A recent survey has found that there has been a 57% increase in children with special educational needs being home-schooled.
The reasons for this are manifold: too few places in schools, too few inclusive schools, schools that don’t know what to do with a special needs child and a nationwide trend of not upholding the rights of disabled people.
A recent report by the UN committee on the Rights of Persons with Disabilities has reprimanded the UK government for not upholding the needs of disabled people to live, work and contribute in a society without discrimination.
Clearly, this is a bigger problem than just meeting the needs of SEND children in schools. However, as someone who finds herself tutoring more and more children whose needs are not being addressed in education, I find myself wondering if schools are not the best place to start addressing this societal inequality.
Not enough places in schools
According to the Local Government Association (LGA), students with special needs are being turned away from underfunded schools. Students are being sent to specialist, segregated schools or moving to independent schools instead.
Don’t think that once your child has entered the school system successfully, they are guaranteed a place in middle school, however. One in five special needs children in primary school are being left without a place in secondary schools.
One of the main reasons for this is underfunding for special needs. The high needs education budget increase of £2.6 billion by 2019-2020 might sound like a lot, but it is not enough for the backlog and increasing number of children being diagnosed with SEND requirements every year.
Just getting a place in school does not mean that your child will do well, unfortunately.
Not enough expertise in schools
Even when schools do take in SEND children, they do not have the processes and expertise to give these students the help they need. This is especially true in English counties.
According to the Children and Families Act 2014, all children who require it must receive an Education & Health Care Plan by 1 April 2018. However, some Local Government Authorities have admitted that upto three quarters of the children in their care have not been transferred onto plans. In Sunderland, 78% of students who needed such a plan did not receive one in time.
The good news is that these figures, horrendous though they might seem, are lower than for last year. This is a worrying trend, though, make no mistake.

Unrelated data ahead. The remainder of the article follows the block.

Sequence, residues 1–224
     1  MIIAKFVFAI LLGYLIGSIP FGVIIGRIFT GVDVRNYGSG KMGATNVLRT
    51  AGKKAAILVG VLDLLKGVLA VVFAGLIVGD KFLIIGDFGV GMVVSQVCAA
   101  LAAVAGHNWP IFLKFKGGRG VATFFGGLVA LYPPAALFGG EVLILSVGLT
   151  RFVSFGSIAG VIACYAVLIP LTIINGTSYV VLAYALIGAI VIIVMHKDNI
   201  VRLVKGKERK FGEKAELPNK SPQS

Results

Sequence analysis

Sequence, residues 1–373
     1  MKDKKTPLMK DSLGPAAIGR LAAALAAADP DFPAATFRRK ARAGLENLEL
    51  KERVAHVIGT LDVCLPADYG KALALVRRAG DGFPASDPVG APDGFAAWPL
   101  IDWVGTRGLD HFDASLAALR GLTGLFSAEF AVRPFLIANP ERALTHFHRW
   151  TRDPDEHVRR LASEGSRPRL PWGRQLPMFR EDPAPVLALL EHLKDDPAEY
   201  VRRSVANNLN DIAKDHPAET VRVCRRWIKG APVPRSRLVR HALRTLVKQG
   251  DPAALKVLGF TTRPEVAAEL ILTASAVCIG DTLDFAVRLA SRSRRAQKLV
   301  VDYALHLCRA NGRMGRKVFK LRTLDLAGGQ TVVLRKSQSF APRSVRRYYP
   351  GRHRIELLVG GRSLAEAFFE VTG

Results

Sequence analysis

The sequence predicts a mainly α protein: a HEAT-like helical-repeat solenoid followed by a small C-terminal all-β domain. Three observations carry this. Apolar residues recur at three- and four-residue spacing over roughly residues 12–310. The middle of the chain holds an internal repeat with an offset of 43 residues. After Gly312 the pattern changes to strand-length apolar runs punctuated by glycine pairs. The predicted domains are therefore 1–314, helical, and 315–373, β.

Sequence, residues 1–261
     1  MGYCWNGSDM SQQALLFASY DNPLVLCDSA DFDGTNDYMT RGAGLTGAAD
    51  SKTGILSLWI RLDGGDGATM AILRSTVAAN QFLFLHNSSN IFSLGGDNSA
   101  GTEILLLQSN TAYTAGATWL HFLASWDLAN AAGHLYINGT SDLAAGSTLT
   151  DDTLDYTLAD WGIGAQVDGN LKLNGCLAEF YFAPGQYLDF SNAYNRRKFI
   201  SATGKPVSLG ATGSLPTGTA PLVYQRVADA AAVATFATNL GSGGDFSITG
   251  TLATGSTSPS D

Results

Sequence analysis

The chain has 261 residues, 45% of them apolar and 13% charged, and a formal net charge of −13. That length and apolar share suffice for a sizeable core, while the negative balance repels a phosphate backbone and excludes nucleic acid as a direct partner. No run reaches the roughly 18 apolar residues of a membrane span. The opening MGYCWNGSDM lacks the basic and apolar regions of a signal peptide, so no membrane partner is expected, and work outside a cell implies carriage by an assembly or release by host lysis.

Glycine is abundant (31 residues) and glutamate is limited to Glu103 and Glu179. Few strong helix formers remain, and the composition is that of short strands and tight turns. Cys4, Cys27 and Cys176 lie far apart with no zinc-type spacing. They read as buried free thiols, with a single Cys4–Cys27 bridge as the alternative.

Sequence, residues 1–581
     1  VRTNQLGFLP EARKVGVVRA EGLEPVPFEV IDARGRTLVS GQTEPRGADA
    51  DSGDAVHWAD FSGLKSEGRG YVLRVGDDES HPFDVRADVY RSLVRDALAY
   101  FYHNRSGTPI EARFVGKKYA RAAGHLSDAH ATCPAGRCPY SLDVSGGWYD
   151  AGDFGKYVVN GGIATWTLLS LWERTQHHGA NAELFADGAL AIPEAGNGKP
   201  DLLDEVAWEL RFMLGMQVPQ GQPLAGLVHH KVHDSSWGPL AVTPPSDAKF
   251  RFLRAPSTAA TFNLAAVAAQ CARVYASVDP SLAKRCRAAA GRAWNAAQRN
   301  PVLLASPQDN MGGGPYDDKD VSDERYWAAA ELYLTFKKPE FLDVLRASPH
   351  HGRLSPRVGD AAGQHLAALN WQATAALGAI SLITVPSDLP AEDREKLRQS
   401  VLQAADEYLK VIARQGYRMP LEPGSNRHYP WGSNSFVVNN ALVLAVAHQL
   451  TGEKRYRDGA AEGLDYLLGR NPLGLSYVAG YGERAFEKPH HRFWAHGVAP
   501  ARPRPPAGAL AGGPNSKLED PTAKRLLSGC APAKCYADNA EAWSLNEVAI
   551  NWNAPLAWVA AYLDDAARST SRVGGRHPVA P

One of the things that are vitally important for children who have needs is that changes must be planned in advance and the transition carefully thought out. If there is uncertainty, or a lack of understanding, it puts vulnerable children and their families through tremendous stress and anxiety.
This, again, is not us serving our children in the way we know they should be served.
Segregation and SEND children
One of the major ways in which the UK government has fallen behind in its commitment to SEND children, is by supporting segregation in its schooling system.
The UN Convention on The Rights of Persons with Disabilities (UNCRPD) includes Article 24: A Right to Inclusive Education in the mainstream classroom, with appropriate support. However, the UK government placed restrictions on their adoption of this article. The first change makes segregated education part of the general education system of the UK. The second change allows the government to send special needs students to segregated schools outside their local government boundaries.
It is disheartening to learn that the UK is only one of two countries to have made such changes in its acceptance of Article 24. The other is Mauritius.
What more can prove that the government is dismally failing its special needs and disabled children?
As a tutor, I understand the need for specialised schools. Sometimes, children have severe emotional, mental and physical needs, and it is in their best interests to be in an environment that can give them the best resources and chances for success.
The key word here is ‘severe’. For most children with SEND requirements, a bit of differentiation and special needs support is all that is required for them to blend completely into a mainstream classroom with success.
However, we should not only be thinking of the impact on children with special needs. It is equally important to note that the presence of SEND students in a classroom benefits the other children as well. We are a society full of colours and capabilities. Segregating SEND children does not allow for other students to benefit from the amazing diversity of abilities and accomplishments that an inclusive mainstream classroom allows.
Inclusive schools are the best way to ensure an inclusive society. It is truly the need of the moment.